Employees as customers: from metaphor to analogy

It’s been interesting to notice the difference between concepts that I thought will be useful to keep in mind, immediately after reading a certain article, and the ones that actually proved out to be useful several months later when I find myself referencing them over and over again.

Of the three insights from Ikujiro Nonaka’s seminal paper The Knowledge-Creating Corporation I find myself using, again and again, his distinction between metaphor and analogy:

One kind of figurative language that is especially important is metaphor. It is a way for individuals grounded in different contexts and with different experiences to understand something intuitively through the use of imagination and symbols without the need for analysis or generalization.Through metaphors, people put together what they know in new ways and begin to express what they know but cannot yet say. As such, metaphor is highly effective in fostering direct commitment to the creative process in the early stages of knowledge creation…

But while metaphor triggers the knowledge-creation process, it alone is not enough to complete it. The next step is analogy. Whereas metaphor is mostly driven by intuition and links images that at first glance seem remote from each other, analogy is a more structured process of reconciling contradictions and making distinctions. Put another way, by clarifying how
the two ideas in one phrase actually are alike and not alike, the contradictions incorporated into metaphors are harmonized by analogy. In this respect, analogy is an intermediate step between pure imagination and logical

The context in which it is most present for me right now is thinking about employees as customers, which I’d argue for many organizations is still “stuck” in the metaphor stage of knowledge creation. But before I jump to the opportunity that lies ahead of us, I want to acknowledge the celebration-worthy progress that the current stage represents.

Thinking about employees as customers is a massive step forward compared to the previous organizing metaphor: employee as resources/machines. First and foremost it acknowledges that employees are human beings and need to be treated as such. It reminded us that employees are in choice about their actions: they choose to join, they choose to stay, and they can choose to leave. It also served as a directional inspiration for how to address many employee challenges by borrowing concepts and ideas from the customer domain:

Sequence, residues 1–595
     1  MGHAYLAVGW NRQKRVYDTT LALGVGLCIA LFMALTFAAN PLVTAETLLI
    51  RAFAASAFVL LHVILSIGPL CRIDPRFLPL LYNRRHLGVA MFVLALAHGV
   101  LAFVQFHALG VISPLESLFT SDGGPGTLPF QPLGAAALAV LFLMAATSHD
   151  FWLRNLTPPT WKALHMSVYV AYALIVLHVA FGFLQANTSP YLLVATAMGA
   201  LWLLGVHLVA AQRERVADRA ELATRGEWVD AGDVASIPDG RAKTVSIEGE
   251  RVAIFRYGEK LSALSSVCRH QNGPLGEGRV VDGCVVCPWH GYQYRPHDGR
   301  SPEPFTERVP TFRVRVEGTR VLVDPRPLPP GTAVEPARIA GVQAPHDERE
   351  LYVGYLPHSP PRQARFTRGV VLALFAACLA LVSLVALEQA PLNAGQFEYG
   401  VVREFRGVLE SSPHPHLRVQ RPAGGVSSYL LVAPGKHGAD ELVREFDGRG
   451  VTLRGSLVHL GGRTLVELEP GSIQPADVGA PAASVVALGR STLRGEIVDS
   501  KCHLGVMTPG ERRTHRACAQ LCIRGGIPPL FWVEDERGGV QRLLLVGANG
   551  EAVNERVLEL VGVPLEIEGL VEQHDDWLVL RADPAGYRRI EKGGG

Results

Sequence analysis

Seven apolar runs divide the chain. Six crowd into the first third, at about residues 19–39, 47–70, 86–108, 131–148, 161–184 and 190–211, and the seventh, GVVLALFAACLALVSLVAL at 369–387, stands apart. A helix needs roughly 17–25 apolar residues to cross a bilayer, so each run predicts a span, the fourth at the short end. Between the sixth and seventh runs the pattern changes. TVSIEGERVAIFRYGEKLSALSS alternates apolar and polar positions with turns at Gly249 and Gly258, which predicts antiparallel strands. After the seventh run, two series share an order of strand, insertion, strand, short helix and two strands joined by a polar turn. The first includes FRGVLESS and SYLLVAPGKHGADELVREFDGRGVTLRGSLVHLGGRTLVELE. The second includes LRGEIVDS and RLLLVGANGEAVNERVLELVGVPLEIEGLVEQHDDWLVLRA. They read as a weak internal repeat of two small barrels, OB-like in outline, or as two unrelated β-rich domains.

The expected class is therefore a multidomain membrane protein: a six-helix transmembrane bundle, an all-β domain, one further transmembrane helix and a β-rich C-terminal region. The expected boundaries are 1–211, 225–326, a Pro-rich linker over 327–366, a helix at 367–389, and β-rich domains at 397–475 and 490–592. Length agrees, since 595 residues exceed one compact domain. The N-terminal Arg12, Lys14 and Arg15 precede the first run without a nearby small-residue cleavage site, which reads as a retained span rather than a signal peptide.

• Lead generation/business development → Sourcing
  • Sales → Recruiting
  • Sales Marketing → Recruiting Marketing
  • Product brand → Employer brand
  • Product value proposition → Employee value proposition
  • Net Promoter Score (NPS) → employee Net Promoter Score (eNPS)
  • Customer journey/lifecycle → Employee journey/lifecycle
  • Customer onboarding → Employee onboarding
  • etc.

The metaphor continues to provide inspiration to this day, with more customer concepts making their way to the employee domain. A more recent example is recognizing specific “moments that matter” in the customer’s lifecycle, which require special design and attention, as also relevant for employees.

However, while the metaphor continues to move us forward in some ways, its drag, or downside, if you will, is also starting to become more apparent in cultural challenges such as unjustified entitlement or learned helplessness among employees which in turn make efforts to improve the shared working experience somewhere between extremely hard to impossible to execute on.

A more concrete example is the heavy reliance on surveys as the primary means of engaging with employees, a tool that was borrowed directly from the customer domain to the employee domain. Employee interaction needs to be bi-directional and iterative, and it needs to revolve not just around the present state but also around creative problem solving: what each of us can do about it. Yet surveys tend to move the conversation exactly in the opposite direction.

Nonaka’s work paints a clear path forward: moving away from metaphor and towards analogy. While the key focus in the former is around looking for similarities as sources for inspiration, the key focus in the latter is around looking for differences (distinctions) and addressing them, creating a more refined representation of reality.

At the root of most of the customer concepts that get pulled into the employee domain and end up backfiring seem to be a handful of distinctions, ways in which customers and employees are NOT alike. I suspect I’ll continue to refine these over time but here’s what I have so far:

  • The core interaction between customer and service provider has a clear division of roles: I, the customer, have a problem that I’m trying to solve, and you, the service provider, are supposed to provide me with a solution to it. Inside the organization, it’s not that clear cut: we are working to accomplish a shared mission together, and division or roles and authority is more dynamic and less absolute. We are all part of the problem and we are all part of the solution.
  • Cross-customer interaction, as it pertains to the organization, is relatively weak (mostly word-of-mouth reputation) so thinking about the way the organization interacts with each customer in isolation is a pretty accurate description of reality. Cross-employee interaction, as it pertains to the organization is very strong — tight collaboration to accomplish shared goals. So the way the organization interacts with each employee cannot be thought of in isolation.

Acknowledging these differences and designing ways of working together with them in mind is an important frontier in the future of work.

Employees as customers: from metaphor to analogy

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